With the industry affected by shrinking financial resources, independent filmmakers such as Wenders are now being forced to think outside the box. His new film ended up being a co-production with investors from five countries, including public funding, resulting in a "long and slow" journey.
"If I were a young filmmaker today, it would drive me nuts. You make your first film today when you're 30 years old - and then you're not going to make another film for three, four or five years because it takes that long [to put together a production]. Even if you make a great [first] film, it doesn't matter; it takes longer and longer.
"I had the privilege that when I was a young filmmaker - I started pretty early - I was able to make a film every year. The only one who does it [now] is Woody Allen, but he has his setup, so it's forged into a pattern. Woody is the only one who still works like that, and I admire him for that."
Paris, Texas will be screened on March 26 and April 5, and The Salt of the Earth on March 30 and April 5, as part of the Hong Kong International Film Festival. For programme details, visit hkiff.org.hk
Wim Wenders: five classic feature films
Kings of the Road (1976)
Often considered the quintessential road movie, this three-hour drama was shot without a screenplay. As they travel on an old furniture truck along the border between East and West Germany, two men brought together by chance - psychologist Robert Lander (Hanns Zischler) and movie projector technician Bruno Winter (Rüdiger Vogler) - develop a brief friendship before going their separate ways.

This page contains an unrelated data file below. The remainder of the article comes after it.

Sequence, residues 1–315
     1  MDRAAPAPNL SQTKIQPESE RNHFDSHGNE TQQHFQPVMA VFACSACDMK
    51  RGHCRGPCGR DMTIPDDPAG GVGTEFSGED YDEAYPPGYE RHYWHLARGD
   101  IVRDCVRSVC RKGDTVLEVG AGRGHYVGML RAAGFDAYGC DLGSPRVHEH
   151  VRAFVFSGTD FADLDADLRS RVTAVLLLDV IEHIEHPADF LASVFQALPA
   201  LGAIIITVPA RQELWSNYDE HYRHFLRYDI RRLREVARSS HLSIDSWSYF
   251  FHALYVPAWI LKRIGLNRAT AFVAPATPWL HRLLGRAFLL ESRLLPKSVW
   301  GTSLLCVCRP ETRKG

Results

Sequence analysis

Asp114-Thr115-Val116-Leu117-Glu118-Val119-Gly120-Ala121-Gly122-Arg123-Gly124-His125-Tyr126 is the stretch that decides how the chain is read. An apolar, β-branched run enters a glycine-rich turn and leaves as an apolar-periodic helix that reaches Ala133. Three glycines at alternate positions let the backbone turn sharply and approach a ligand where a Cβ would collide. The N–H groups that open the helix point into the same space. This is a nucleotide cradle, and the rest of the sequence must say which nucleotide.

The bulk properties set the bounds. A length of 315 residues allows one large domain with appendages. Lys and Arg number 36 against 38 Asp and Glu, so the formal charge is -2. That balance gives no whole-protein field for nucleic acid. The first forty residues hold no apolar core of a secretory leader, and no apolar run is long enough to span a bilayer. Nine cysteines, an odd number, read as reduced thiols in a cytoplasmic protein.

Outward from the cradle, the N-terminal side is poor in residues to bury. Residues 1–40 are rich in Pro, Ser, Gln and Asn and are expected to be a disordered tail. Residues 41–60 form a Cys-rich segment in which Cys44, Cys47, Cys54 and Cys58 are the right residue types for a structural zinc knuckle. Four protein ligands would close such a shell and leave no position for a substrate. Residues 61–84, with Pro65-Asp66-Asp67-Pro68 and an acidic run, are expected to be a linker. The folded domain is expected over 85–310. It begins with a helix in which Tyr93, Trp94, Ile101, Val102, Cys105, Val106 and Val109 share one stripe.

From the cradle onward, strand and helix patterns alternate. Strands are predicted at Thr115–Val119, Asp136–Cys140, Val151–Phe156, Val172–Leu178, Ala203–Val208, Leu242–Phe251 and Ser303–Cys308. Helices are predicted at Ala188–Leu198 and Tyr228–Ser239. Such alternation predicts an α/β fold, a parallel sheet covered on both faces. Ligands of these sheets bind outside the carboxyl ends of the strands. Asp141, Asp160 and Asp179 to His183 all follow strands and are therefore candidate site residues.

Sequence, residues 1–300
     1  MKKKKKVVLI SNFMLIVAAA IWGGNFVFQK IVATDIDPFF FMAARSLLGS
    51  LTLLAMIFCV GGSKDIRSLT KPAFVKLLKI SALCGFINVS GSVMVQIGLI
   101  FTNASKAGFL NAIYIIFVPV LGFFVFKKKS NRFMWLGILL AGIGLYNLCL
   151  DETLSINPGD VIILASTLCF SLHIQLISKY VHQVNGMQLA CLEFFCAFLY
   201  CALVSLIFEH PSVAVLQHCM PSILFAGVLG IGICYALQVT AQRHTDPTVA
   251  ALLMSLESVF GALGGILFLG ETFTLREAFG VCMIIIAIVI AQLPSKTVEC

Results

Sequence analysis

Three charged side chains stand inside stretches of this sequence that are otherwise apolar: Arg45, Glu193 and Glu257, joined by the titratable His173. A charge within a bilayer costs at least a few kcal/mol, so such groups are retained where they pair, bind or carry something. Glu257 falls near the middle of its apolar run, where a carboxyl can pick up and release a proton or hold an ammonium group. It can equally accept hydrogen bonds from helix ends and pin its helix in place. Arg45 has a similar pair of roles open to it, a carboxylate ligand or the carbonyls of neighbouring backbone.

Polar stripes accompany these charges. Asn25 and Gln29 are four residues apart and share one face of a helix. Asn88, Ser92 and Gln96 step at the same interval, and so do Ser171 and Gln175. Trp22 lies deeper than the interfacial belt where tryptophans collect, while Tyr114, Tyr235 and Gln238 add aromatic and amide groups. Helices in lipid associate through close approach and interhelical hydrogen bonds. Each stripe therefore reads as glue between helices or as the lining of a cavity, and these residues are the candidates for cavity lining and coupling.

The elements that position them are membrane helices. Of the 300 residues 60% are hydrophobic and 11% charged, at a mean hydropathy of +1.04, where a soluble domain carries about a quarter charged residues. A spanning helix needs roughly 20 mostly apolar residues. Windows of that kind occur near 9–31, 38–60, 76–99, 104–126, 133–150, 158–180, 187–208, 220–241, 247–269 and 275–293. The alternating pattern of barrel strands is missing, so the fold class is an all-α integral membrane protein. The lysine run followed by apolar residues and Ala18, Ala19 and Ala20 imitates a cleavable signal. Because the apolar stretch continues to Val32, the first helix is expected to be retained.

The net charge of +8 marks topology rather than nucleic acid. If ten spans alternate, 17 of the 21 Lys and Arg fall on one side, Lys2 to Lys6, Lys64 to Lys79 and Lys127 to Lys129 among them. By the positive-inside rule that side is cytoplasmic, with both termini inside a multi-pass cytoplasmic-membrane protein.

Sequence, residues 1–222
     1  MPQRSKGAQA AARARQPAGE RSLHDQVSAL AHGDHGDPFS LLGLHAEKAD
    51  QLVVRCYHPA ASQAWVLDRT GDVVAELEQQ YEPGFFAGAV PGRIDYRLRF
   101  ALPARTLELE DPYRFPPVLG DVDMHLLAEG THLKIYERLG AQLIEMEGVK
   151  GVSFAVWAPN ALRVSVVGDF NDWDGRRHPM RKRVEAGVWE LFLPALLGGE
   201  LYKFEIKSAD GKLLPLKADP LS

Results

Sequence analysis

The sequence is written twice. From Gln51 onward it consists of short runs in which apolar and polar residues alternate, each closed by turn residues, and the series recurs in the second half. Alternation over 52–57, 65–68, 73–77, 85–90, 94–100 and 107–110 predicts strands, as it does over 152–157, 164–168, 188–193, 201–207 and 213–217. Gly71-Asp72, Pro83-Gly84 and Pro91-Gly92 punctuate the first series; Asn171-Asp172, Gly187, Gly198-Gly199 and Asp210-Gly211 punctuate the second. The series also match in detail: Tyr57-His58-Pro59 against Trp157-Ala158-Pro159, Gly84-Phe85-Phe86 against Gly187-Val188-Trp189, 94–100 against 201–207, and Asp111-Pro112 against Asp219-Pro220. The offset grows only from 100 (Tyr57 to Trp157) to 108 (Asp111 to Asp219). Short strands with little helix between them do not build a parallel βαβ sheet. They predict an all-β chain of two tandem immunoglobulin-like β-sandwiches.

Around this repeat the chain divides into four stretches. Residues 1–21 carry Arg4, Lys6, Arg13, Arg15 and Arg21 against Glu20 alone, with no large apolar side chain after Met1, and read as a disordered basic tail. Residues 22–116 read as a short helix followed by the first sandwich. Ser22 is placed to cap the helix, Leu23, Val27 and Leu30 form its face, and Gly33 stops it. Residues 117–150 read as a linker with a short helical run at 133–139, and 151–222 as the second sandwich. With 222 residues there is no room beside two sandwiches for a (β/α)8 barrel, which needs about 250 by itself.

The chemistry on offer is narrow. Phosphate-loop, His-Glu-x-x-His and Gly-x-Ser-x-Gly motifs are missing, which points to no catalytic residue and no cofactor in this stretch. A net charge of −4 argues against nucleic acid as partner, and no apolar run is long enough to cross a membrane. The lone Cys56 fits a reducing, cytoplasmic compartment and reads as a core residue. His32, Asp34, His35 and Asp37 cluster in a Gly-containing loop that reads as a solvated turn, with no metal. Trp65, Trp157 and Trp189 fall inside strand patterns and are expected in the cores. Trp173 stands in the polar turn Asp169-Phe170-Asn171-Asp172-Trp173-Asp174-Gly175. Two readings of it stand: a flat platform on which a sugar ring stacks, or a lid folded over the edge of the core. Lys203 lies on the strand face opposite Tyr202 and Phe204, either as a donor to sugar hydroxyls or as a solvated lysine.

The American Friend (1977)
Clearly valuing atmosphere over narrative clarity, the self-professed "Americanised" Wenders' take on Ripley's Game nonetheless oozes European sensitivity. With a cast of various filmmakers (such as Gérard Blain, Sam Fuller and Nicholas Ray), it tells of the conflicted relationship between a terminally ill German (Bruno Ganz) and the American (Dennis Hopper) who tricks him into carrying out a murder.
Paris, Texas (1984)
A cult favourite about a drifter who doesn't speak and barely remembers anything, this Cannes Palme d'Or winner treks through the American Southwest to paint a deeply emotional portrait of a broken family. Scripted by playwright Sam Shepard and scored by Ry Cooder, the lyrical tale follows the man (Harry Dean Stanton) as he reconnects with his son and, memorably, his missing wife (Nastassja Kinski).
Wings of Desire (1987)
A guardian angel ponders what it means to be mortal in this beautiful fable about the human condition. As if the poetic switch from monochrome to colour to reflect the worldly perspective isn't enough of a masterstroke, the fantasy romance between angel Damiel (Bruno Ganz) and trapeze artist Marion (Solveig Dommartin) stands because of its timely setting: on the cusp of a new era in Berlin.
Until the End of the World (1991/1994)
An epic project if ever there was one, this almost five-hour film goes on a journey - improvised over five months - through 20 cities on four continents. Nominally about a woman's (Solveig Dommartin) persistent attempt to follow a hitchhiker (William Hurt) around, just as the human race is threatened by an out-of-control nuclear satellite, it is also an ambitious meditation on technology, images and dreams.